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Semin Oncol. 2008 Aug;35(4):346-55. doi: 10.1053/j.seminoncol.2008.04.005.

Prognostic implications of gene mutations in acute myeloid leukemia with normal cytogenetics.

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  • 1Department of Internal Medicine III, University Hospital of Ulm, Ulm, Germany.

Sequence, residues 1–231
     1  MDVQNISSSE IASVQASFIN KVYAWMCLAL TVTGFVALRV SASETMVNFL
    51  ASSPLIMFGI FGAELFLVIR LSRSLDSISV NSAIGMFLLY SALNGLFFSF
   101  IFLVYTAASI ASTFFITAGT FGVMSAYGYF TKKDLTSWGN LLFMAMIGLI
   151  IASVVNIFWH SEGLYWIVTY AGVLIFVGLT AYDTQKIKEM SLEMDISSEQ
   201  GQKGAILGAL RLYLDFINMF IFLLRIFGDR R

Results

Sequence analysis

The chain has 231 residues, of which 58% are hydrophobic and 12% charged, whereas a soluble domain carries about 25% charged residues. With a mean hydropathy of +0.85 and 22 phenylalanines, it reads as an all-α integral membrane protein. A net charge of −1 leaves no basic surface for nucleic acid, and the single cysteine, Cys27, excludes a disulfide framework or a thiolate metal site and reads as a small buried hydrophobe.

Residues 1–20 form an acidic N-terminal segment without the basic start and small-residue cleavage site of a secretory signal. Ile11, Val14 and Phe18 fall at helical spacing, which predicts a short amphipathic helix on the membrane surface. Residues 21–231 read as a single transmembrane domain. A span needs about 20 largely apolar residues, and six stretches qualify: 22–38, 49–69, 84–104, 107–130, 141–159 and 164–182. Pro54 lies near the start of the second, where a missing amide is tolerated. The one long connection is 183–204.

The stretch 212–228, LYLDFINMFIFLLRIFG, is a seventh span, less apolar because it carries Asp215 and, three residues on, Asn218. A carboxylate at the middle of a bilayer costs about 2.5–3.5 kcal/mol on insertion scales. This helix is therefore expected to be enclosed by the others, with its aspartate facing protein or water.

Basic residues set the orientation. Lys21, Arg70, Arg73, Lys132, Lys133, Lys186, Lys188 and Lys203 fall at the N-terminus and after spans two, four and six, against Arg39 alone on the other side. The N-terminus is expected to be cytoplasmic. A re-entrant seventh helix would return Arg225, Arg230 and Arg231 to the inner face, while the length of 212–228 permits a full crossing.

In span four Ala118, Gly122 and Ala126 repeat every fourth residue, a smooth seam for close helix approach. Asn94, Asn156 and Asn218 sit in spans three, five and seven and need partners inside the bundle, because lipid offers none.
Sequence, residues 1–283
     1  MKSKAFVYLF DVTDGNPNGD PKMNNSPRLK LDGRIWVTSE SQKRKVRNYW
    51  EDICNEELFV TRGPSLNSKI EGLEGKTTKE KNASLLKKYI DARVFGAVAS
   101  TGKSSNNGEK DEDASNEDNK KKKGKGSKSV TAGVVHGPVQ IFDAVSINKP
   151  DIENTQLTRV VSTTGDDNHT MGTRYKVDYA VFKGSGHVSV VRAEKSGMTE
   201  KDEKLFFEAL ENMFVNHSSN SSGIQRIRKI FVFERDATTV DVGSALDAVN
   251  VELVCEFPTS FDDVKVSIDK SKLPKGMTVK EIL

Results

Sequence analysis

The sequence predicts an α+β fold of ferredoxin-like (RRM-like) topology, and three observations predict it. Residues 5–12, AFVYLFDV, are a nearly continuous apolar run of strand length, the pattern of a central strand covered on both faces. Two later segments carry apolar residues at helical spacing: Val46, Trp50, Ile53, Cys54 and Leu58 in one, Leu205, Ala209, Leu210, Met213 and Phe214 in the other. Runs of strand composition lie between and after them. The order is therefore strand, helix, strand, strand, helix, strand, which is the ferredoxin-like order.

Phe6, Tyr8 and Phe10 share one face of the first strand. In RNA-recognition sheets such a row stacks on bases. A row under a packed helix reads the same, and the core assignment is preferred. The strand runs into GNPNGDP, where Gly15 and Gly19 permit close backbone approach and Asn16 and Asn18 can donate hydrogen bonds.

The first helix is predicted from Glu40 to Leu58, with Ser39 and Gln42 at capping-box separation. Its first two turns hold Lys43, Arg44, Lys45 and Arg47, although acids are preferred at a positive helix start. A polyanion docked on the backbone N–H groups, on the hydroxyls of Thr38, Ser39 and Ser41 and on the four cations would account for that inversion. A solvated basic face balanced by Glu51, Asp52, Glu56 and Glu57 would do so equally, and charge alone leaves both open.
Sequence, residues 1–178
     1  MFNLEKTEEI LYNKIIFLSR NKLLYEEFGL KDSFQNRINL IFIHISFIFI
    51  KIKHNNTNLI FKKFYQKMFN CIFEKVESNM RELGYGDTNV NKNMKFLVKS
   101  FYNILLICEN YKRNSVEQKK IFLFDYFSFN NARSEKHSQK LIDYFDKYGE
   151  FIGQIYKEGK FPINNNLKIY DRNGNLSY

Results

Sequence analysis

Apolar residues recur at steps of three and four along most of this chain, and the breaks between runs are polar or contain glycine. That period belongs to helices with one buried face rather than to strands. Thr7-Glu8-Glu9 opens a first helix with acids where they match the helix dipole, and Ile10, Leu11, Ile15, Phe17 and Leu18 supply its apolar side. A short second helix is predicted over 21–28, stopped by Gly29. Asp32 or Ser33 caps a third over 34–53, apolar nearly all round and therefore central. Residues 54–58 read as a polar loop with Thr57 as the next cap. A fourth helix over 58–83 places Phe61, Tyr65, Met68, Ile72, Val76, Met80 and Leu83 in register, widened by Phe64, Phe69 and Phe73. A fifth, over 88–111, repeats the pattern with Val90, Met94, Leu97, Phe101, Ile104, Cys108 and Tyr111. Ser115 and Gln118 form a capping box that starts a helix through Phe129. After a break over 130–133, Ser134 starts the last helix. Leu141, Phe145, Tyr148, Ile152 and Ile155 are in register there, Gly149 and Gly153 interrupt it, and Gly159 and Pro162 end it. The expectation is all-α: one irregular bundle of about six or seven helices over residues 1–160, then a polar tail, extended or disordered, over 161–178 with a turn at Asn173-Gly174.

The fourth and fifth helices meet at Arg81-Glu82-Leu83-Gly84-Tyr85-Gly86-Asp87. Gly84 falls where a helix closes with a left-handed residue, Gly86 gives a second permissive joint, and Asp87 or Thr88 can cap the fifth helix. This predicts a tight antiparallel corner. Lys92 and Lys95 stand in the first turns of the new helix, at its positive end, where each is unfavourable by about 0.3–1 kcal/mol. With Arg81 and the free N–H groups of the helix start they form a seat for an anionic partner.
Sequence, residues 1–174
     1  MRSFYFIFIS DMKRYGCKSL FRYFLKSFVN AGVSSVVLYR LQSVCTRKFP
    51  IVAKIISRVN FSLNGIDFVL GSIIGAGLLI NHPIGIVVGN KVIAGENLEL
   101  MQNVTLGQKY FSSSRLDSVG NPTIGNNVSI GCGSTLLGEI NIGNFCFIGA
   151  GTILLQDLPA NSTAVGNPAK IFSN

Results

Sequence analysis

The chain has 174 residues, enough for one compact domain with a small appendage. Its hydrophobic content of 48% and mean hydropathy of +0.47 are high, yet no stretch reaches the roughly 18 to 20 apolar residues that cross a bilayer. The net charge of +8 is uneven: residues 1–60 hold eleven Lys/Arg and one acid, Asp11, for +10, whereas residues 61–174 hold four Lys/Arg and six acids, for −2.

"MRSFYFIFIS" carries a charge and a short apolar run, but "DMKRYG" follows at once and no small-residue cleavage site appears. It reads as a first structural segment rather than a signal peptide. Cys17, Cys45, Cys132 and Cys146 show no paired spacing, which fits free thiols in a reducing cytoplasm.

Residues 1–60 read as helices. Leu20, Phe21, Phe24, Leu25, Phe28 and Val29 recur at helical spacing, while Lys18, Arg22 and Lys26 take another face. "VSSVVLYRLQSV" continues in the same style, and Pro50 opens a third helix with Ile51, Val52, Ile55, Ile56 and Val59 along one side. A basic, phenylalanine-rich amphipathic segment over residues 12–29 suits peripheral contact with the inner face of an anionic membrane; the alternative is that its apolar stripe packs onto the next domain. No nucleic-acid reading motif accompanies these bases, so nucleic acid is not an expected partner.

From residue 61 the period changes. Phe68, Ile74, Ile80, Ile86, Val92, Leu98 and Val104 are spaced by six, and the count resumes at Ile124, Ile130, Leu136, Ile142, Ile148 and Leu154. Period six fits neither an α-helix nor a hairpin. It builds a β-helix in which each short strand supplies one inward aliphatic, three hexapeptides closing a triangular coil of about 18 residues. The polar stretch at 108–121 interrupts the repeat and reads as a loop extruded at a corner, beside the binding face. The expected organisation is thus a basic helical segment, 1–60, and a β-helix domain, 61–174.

In recent years, a number of somatically acquired mutational changes have been identified in patients with acute myeloid leukemia (AML). Most of these genetic alterations occur in AML exhibiting a normal karyotype, representing the largest cytogenetic subgroup (40%-50%) of AML. These molecular findings not only provide novel insights into the pathogenesis of AML but also are of clinical importance. In this review we will discuss the most relevant gene alterations, including NPM1 gene mutations, internal tandem duplications (ITD) or tyrosine kinase domain (TKD) mutations of the FLT3 gene, CEBPA gene mutations, and partial tandem duplications (PTD) of the MLL gene, as well as mutations in the NRAS and WT1 genes. In part, these gene mutations have emerged as important prognostic markers and they now allow us to dissect cytogenetically normal (CN)-AML in distinct prognostic subgroups. Furthermore, these mutant molecules represent potential targets for molecular therapies.

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